I didn’t start writing until I was a senior in high school. It wasn’t anything special at that time but when I got into college my first year I shared a poem that I wrote and other folks were like, “Oh, this is really good!” I look back and it wasn’t really good, but people liked it and I was like, “Oh okay, I’ll keep writing.” For me, at least, it was powerful. The moment that I found it was powerful for others was when I had participated in a barrio slam that Su Teatro had hosted and they requested some poets to share some words for the Cinco de Mayo celebration. They were given my name and two other people, this brother named Oxygen and Trinidad Sanchez Junior. It was an honor to perform with Trinidad specifically because he was able to show me a different style and approach. I had written a special poem for that day and we saw a real impact on the students. They really loved our work. Then, I was spending time afterwards and a young student at the school approached Trinidad because he has this poem called, “Why am I so Brown?” She said, “Oh my gosh, I have that poem on my mirror and I see it every day. I didn’t know who the author was.” I was like, “Wow, that’s impactful.” For me it was like, “Okay, this really has the power to move people,” not only sharing words, but offering the opportunity for other folks to be themselves, express themselves, tell their story and have the kind of cathartic moment that people have when they’re able to do that and release and really be able to be connected to other folks through stories.
Another moment, I performed at a school a few years ago and some students there, some girls, really liked my poetry and one of them asked me to write a poem for her. In the moment, I’m thinking “That’s kind of weird,” but then I looked down and I see her arms and she has scars. In that moment, I knew why she asked for that. I think spoken word can really have an impact on how people see the world. It is really representative of the role that art has in social movement. I think at Café Cultura, we see that as our role. We are able to talk about the issues that face us, to address problems in our communities and discuss ways of people understanding and acting upon them and see if we can connect people to do something. We don’t want to just say, “Here’s the problem and here’s what we think of it,” but to figure out ways to be involved in our communities. We’re just trying to see if we can connect spoken word to issues of social justice and action. I’ve definitely seen the power of spoken word open doors for people who thought that they didn’t have a voice. I mean, I never did; I was really, really quiet, but it gave me the opportunity and voice to be able to talk about the issues that I felt were important. When I perform spoken word it’s almost like it’s not me. It’s really like, some people might say God, Spirit, or Creator, speaking through you and you’re just a conduit. I’ve definitely had moments when that’s happened. It’s really helped me; like I said, I was never one to speak up in high school or even my early college days but I was able to develop my public speaking skills through it and feel comfortable in my own skin. It’s so critical to have self-confidence and if you don’t have it, it’s going to be difficult for you to really apply yourself and reach for those dreams that you have so that’s always the approach that we have is that you have to have confidence. We talked to the kids all the time and we say, “You have to go up to the mic and say I’m the bomb-dot-com.” It’s this idea that sometimes you have to “Fake it till you make it” and I think that’s applicable in life in general. We tell the kids, “It’s about the poetry, yeah, but it is mostly about being powerful and take ourselves to that next level to really be all we can be.” We tell them that their words have power. I talk to them a lot about when I go and perform and I see the crowd I’m like “I don’t know what they’re going to think about this” and that minor doubt creeps in and affects how I perform, but if I go in with a sense of purpose and confidence then it’s going to be good. A lot of the time we approach our work through the idea of building relationships and using those to see if we can create opportunities for folks to understand their own power and the power of their own words to then create change. In order to do that, it’s really about our community and each individual within the community believing in themselves. We tell them, “Nobody is going to tell your story, but you.” We say to our students that it is our responsibility to come together and support one another and really be able to lift our voices and impact society—that is at the core of what Café Cultura stands for and what we hope to become.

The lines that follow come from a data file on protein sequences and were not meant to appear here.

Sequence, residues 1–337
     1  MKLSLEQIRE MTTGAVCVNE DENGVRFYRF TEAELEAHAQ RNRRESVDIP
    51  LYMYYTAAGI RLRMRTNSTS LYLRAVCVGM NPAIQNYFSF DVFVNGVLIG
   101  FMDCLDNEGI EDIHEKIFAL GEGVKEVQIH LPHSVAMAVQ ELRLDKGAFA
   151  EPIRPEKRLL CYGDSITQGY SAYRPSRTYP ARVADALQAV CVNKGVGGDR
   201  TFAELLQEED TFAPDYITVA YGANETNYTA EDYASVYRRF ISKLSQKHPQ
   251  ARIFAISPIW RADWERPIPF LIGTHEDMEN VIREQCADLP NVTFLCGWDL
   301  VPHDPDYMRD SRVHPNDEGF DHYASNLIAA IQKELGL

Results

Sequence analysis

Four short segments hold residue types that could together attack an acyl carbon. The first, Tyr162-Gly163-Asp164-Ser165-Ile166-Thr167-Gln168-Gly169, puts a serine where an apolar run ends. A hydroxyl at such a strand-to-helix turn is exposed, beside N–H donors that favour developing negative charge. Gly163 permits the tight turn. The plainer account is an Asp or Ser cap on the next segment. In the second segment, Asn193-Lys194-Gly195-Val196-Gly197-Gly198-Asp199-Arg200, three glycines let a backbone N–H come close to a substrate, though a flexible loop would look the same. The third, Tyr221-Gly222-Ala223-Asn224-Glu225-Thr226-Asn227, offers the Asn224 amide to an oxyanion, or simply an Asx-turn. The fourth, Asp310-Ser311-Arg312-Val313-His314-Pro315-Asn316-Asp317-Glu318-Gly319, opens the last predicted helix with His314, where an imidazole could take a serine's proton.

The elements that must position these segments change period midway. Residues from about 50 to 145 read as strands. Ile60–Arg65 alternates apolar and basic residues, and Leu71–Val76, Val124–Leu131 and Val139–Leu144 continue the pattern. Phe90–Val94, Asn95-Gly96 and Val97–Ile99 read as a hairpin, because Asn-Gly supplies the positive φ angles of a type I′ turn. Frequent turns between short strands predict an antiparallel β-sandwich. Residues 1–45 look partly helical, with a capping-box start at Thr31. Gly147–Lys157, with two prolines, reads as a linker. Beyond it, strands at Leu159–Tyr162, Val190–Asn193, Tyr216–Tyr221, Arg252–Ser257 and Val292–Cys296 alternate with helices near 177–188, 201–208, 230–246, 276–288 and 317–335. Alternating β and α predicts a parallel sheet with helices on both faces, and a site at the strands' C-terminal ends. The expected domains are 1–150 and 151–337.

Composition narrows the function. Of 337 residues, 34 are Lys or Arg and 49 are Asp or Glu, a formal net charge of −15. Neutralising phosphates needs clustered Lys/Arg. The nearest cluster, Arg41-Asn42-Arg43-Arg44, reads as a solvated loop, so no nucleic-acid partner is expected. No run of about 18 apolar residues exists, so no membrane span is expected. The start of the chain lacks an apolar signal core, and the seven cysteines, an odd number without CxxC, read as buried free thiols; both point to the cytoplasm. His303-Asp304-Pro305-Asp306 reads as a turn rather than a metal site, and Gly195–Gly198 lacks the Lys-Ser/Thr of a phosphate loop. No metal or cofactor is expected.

Café Cultura Executive Director
If you would like to get involved with Café Cultura, go to http://www.cafecultura.org/index.php for more information